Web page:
Sunday, 28 April 2013

Miracles, history and religion


All religion, Western and Eastern, is founded upon miracle.

It makes little sense to present arguments against Joseph Smith and early Mormonism that would extend equally well to what we are told about the origins of what will eventually be Judaism, the origins of Christianity, the origins of Islam.

All religion depends upon revelation. All revelation is supernatural. If you wish to be a hard rock empiricist, then you should not entertain any religious doctrine whatsoever.

Harold Bloom


The kind of revelation that Joseph describes is the scandal of Mormonism, in the same way that the resurrection of Christ is the scandal of Christianity.

And what I mean by that is that on the face of it, that's an affront to sophisticated notions of how the Universe works.

God doesn't deliver gold plates to farm boys. It's a cause of embarrassment to many intellectuals in the church to continue to insist that Joseph had literal gold plates given to him by a real angel.

But I also mean that it's a scandal in the sense that it is inseparable from the heart and soul of Mormonism, that one could no sooner divorce the historical claims of the Book of Mormon from the church than one could divorce the story of Christ's resurrection from Christianity and survive with the religion intact.


I think there's no question that the [LDS] church rises or falls on the veracity of Joseph Smith's story.

History as theology is perilous. If it turns out that the whole story of Christ's resurrection was a fabrication, then Christianity collapses. 

That's the price we pay for believing in a God who intervenes in human history, who has real interactions with real human beings in real space and time. 

That makes it historical, and that's a reality that we just can't flee away from.

Terryl Givens


From the PBS documentary The Mormons, 2007

Bold emphasis added.  



The Great and Powerful Oz said...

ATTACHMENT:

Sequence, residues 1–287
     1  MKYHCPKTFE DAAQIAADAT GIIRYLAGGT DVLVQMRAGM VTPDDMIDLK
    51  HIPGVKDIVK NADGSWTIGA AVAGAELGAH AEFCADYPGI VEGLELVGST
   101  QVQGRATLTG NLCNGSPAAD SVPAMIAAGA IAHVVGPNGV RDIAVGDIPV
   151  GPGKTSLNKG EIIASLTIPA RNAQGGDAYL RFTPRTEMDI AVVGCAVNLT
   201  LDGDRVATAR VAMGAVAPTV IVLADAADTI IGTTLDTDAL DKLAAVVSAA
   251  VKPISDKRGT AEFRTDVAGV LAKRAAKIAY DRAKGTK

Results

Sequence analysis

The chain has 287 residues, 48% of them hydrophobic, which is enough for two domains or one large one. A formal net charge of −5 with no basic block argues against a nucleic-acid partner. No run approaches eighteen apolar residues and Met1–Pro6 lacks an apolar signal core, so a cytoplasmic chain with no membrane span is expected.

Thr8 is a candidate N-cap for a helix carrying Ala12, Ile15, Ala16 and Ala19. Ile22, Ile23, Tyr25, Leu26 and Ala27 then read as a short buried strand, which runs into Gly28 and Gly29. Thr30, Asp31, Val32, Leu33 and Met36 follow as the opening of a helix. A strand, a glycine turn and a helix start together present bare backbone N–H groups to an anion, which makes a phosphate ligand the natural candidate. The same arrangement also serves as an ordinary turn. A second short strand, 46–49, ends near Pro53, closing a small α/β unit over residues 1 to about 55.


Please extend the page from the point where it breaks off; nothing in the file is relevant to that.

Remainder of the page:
There are quite a few miracles in the annals of Buddhism as well.

Bruce Charlton said...

GPO - Bloom is not arguing specifically for Christianity - he is a Jew - and he is using miracles and revelation in a fairly loose sense; but his main point is extremely important.

In criticizing other religions and denominations than their own, many/ most people deploy arguments which would destroy their own religion/ denomination if consistently applied.

In the case of Mormonism, and the claims of Joseph Smith other Christians who reject Mormonism often begin from the assumption that real miracles and real revelations are impossible - and that some other explanation must therefore be true; yet of course such an assumption would also destroy Christianity.

e.g. A famous biography of Joseph Smith (by Fawn M Brody) seems to have been written *from* the assumption that 'supernatural' explanations are ruled-out a priori; and therefore to have explained everything naturalistically and psychologically - but then to have presented the results of this assumption as if they constituted a *discovery* that the supernatural claims had been falsified!

(This is, perhaps, the most frequent logical error of humans, especially intellectuals, to present an assumption as an empirical finding. It is the reason why scientists, especially biologists, are so often atheists - science rules-out divine explanations as an assumption of science; but scientists learn this assumption as a habit, and mistake it for a discovery of science.)